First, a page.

Following the filing of the petition, Douglas Sharretts appeared and filed an answer, denying that the petition was filed in good faith and asserting, among other pleas, that there was no possibility of reorganizing the petitioner and that the interests of all concerned could be best served in the proceedings pending in the state courts.

After a hearing, during which testimony was taken, the District Court dismissed the petition as not filed in good faith and denied petitioner any right to amend. This appeal followed.

11 U.S.C.A. Section 541, provides that the District Court shall dismiss a petition for corporate reorganization under Chapter X if not satisfied that it is filed in good faith. What constitutes good faith within the intendment of this Chapter is itself defined in Section 546, 11 U.S.C.A. By this definition, a petition is not filed in good faith if "a plan of reorganization cannot be reasonably expected to be accomplished, or a proceeding is pending in another court which would seem to best subserve the interests of the parties involved * * *." In re Unity Life Ins. Co. (D.C.S.C.1942), 47 F. Supp. 355, 360, aff. on other grounds, Hoile v. Unity Life Ins. Co., 136 F.2d 133, 148 A.L.R. 710.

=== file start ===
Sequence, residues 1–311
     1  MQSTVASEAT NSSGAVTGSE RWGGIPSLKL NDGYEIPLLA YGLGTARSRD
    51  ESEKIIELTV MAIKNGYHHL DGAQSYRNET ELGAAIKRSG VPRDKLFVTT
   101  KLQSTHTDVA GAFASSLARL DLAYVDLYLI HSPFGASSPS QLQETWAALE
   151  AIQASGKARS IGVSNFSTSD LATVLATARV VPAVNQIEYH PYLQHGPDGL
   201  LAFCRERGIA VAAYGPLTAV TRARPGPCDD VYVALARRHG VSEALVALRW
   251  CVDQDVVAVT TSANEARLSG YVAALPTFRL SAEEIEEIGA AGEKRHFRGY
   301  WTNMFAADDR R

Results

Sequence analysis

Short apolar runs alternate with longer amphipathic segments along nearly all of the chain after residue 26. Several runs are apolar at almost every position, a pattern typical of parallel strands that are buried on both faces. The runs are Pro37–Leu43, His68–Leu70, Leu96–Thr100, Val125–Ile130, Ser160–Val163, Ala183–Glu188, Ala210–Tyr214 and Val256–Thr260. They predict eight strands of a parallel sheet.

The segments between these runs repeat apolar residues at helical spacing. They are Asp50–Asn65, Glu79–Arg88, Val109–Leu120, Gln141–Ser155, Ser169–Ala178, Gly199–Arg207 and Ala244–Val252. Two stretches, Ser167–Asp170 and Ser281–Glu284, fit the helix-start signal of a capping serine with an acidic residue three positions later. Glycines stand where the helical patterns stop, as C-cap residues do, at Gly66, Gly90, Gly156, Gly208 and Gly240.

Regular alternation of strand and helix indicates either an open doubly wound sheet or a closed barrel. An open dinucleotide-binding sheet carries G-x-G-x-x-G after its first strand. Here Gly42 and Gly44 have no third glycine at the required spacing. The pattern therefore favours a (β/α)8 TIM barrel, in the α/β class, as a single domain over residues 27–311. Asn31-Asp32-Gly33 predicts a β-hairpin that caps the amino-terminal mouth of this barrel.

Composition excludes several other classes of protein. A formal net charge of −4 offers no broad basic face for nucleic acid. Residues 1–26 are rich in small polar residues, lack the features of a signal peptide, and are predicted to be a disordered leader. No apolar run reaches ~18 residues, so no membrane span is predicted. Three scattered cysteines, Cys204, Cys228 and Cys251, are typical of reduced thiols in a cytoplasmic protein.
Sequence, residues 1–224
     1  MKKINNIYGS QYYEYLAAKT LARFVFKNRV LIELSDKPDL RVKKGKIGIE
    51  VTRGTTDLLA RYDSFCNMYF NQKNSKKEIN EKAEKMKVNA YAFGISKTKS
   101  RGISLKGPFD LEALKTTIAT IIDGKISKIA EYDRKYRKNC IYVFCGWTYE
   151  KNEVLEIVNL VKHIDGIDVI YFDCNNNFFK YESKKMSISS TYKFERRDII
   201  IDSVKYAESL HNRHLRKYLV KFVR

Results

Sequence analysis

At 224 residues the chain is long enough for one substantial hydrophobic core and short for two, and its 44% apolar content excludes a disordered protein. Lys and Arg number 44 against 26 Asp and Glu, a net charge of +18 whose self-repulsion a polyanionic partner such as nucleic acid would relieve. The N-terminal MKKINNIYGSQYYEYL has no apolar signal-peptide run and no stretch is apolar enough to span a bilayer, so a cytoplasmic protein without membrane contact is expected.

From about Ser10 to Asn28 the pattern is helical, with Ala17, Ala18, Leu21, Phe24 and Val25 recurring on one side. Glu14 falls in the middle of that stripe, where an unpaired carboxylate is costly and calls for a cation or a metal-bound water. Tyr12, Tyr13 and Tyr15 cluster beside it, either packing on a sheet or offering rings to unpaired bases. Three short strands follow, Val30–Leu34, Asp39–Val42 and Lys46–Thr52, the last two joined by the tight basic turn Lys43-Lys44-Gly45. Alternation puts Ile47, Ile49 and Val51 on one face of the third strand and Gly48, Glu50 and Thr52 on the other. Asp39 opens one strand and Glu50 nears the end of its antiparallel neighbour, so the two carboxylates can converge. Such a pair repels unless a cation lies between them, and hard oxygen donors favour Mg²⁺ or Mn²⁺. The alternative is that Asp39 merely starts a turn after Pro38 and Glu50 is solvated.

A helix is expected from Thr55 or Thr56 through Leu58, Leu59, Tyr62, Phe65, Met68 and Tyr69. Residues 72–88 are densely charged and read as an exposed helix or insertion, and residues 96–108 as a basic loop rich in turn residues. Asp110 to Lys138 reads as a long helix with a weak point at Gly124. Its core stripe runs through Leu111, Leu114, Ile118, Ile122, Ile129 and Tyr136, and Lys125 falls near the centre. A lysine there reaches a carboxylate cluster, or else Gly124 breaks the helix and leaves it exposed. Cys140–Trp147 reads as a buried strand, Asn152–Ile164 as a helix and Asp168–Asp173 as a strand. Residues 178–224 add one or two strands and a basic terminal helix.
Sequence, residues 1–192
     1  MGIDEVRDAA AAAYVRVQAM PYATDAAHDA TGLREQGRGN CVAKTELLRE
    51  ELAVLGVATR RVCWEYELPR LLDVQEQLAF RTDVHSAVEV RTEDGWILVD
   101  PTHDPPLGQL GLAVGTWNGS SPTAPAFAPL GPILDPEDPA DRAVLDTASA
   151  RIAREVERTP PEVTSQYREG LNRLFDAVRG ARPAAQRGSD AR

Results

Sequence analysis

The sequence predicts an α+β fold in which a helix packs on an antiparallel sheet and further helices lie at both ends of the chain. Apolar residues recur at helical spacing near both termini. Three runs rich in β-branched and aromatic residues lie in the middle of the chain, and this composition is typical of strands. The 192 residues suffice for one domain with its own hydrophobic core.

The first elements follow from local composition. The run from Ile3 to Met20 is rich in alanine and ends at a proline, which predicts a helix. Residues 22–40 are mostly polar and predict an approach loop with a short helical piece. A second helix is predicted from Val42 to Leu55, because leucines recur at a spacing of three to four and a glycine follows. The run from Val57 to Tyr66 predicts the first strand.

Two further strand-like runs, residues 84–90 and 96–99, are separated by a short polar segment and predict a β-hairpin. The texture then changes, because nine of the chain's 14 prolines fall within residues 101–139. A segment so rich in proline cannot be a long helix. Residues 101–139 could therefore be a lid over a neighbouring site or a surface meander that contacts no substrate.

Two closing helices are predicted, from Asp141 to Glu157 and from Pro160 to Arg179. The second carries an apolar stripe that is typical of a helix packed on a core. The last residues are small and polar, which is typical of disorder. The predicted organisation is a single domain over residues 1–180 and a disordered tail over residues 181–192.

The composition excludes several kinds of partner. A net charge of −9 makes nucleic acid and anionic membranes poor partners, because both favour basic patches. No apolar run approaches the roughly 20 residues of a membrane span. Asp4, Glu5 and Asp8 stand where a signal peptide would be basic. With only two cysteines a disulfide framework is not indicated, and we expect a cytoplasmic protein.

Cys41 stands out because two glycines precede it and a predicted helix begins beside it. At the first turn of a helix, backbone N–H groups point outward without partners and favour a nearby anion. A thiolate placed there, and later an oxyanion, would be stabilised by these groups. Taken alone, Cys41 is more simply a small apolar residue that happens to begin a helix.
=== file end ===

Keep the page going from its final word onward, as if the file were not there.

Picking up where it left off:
It is settled, too, that the District Court's decision "as to whether a given petition has been filed in good faith is a finding (of fact) that will not be set aside unless clearly erroneous." Grubbs v. Pettit (C.C.A.Pa.1960) 282 F.2d 557, 562.